Death and the Afterlife in the New Testament / Edition 1 available in Paperback
- Pub. Date:
- Bloomsbury Academic
Clark-Soles began this project in order to answer the question, "What exactly does the New Testament say about death and afterlife?" It turbans out that it says both more and less than one might hope or expect. By more, she means that every time the subject of death and what happens after death arises, it is clear that the authors' interests far exceed answering that single question. Their comments emerge from the concerns and experiences of living Christian communities, they relate to a larger theological and pastoral agenda, and their primary focus remains life on earth and the proper living of it.
The texts say less than one may hope because no author sets out to answer my question directly. There is no systematic theology in the New Testament regarding death and aftelife. Certainly resurrection appears throughout, though differently emphasized and interpreted. Beyond that, the fascinating aspects of the question are in the details of the texts. Therefore, the appropriate question, as it turbans out, is not: What does the New Testament say about death and afterlife, but what do various New Testament texts say about it? Others have sought to unify the New Testament witness, glossing over the individual pictures presented by the New Testament authors. Clark-Soles revels in the snapshots of the individuals and am less interested in the family photo.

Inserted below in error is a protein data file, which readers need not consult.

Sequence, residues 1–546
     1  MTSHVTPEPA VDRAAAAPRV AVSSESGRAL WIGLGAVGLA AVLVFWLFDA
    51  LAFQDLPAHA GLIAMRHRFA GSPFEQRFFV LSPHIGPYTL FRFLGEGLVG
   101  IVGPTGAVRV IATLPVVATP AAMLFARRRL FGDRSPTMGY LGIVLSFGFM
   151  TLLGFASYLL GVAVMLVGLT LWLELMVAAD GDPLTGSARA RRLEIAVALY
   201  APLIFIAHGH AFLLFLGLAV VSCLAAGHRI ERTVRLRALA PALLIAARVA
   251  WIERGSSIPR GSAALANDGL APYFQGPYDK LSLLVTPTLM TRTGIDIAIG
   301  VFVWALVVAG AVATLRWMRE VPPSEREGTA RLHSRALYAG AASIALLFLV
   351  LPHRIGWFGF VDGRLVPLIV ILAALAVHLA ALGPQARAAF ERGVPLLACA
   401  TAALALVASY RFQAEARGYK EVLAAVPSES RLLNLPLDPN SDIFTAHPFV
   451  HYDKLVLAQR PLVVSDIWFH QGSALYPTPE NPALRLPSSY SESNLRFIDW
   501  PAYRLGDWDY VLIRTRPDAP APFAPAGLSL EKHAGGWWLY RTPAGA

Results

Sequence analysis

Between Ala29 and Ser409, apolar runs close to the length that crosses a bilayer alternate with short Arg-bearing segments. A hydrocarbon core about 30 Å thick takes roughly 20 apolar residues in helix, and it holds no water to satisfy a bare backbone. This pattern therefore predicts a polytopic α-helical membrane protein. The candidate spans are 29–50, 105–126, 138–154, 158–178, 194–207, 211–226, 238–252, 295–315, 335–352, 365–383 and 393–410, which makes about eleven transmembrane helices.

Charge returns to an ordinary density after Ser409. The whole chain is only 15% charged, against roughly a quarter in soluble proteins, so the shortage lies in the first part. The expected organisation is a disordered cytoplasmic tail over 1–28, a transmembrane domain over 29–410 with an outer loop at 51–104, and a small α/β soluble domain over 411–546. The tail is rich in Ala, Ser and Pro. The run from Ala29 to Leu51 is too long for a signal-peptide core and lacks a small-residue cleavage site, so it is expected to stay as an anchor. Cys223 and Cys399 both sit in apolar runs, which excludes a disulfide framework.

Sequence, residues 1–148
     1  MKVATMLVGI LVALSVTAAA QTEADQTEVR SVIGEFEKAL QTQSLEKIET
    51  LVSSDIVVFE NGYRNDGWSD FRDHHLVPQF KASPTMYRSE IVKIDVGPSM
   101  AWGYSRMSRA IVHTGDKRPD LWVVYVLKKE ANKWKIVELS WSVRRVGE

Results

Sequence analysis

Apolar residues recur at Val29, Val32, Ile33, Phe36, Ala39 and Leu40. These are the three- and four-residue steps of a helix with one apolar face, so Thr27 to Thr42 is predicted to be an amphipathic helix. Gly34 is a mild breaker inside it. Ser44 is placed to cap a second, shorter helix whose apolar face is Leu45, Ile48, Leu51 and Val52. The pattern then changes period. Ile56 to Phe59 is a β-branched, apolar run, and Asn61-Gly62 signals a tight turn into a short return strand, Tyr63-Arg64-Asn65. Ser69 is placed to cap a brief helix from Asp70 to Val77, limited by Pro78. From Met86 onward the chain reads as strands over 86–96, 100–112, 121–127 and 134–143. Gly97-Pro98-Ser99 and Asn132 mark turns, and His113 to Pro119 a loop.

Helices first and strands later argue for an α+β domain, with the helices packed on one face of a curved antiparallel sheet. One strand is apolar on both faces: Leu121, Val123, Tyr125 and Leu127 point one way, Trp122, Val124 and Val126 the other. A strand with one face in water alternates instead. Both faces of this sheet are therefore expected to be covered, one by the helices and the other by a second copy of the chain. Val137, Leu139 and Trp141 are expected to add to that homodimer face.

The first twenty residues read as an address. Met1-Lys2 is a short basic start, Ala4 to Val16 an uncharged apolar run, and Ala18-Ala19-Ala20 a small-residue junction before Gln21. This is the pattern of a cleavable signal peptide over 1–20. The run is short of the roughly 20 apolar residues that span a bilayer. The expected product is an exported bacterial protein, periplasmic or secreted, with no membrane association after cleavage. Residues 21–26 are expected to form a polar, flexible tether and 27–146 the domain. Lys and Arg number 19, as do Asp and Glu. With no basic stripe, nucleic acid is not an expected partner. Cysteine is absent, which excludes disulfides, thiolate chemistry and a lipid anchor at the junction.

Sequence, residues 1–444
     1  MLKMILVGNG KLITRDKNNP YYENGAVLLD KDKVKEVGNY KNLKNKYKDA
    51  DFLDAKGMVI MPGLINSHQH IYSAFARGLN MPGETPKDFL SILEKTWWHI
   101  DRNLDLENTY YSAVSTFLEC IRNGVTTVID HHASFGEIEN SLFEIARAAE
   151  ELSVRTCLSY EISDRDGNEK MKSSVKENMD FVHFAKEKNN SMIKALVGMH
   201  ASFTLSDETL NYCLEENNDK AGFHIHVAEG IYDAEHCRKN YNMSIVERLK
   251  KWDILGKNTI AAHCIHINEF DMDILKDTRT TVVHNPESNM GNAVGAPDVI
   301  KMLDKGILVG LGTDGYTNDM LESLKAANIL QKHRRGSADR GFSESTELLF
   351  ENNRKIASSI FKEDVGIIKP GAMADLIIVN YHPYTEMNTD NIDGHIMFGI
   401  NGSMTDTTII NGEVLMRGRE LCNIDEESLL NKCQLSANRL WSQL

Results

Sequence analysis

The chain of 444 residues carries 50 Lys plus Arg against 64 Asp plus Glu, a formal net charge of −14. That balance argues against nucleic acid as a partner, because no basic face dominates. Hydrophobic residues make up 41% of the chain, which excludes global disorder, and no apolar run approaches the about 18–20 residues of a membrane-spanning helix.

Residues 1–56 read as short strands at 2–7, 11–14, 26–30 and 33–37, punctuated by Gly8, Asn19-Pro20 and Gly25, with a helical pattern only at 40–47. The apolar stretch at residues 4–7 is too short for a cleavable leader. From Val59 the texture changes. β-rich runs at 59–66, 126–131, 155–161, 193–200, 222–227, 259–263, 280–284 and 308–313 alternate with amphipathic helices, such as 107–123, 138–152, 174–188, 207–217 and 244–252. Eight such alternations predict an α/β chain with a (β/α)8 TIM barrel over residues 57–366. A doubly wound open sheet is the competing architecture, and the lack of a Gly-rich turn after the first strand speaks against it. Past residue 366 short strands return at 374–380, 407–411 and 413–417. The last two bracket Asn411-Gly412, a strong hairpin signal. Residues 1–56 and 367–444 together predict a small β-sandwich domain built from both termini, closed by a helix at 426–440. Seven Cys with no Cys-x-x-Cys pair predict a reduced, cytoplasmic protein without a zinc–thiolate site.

Clark-Soles inquires into the specific language that each author uses regarding death and afterlife. She explores anthropology, cosmology, eschatology, and, where relevant, theology and Christology. Finally, Clark-Soles suggests ways that the stated views function in each situation.
|Edition description:||New Edition|
|Product dimensions:||6.00(w) x 9.00(h) x 0.57(d)|
About the Author
Jaime Clark-Soles is Assistant Professor of New Testament at Perkins School of Theology, Southern Methodist University, and the author of Scripture Cannot Be Broken: The Social Function of the Use of Scripture in the Fourth Gospel.
Table of Contents
Chapter One sets the investigation against a backdrop of options deployed by thinkers and cultures which contributed to the discussion before the New Testament joined it. This includes Ancient Near Eastern, Ancient Jewish, Second Temple Jewish, and Hellenistic materials. The chapter draws upon epitaphs, graves, Roman religions, mystery religions, consolation literature, and Hellenistic philosophy. It addresses particular topics such as anthropology, notions of divine judgment, and the origins of heaven, hell, and Satan.
Chapter two examines the Pauline literature, using 1 Corinthians 15 as a case study. This chapter is often considered the classic statement on Christian afterlife.
Chapter three takes up the Gospel of John and compares and contrasts John with Paul's letters. Neither Paul nor John use hell language.
Chapter four is devoted to the gospel of Matthew. Hell language and imagery abounds in Matthew. Matthew's depiction of death and afterlife functions to enjoin ethical behavior, encourage faithfulness, and certify God's character as righteous and just.
Chapter five addresses 1 Peter, famous for its supposed depiction of Jesus' "descent into hell" and the subsequent development of the notion of purgatory.
Chapter six summarizes the book's findings and offers concluding comparisons and contrasts among the authors, with consideration paid to their social and cultural millieu.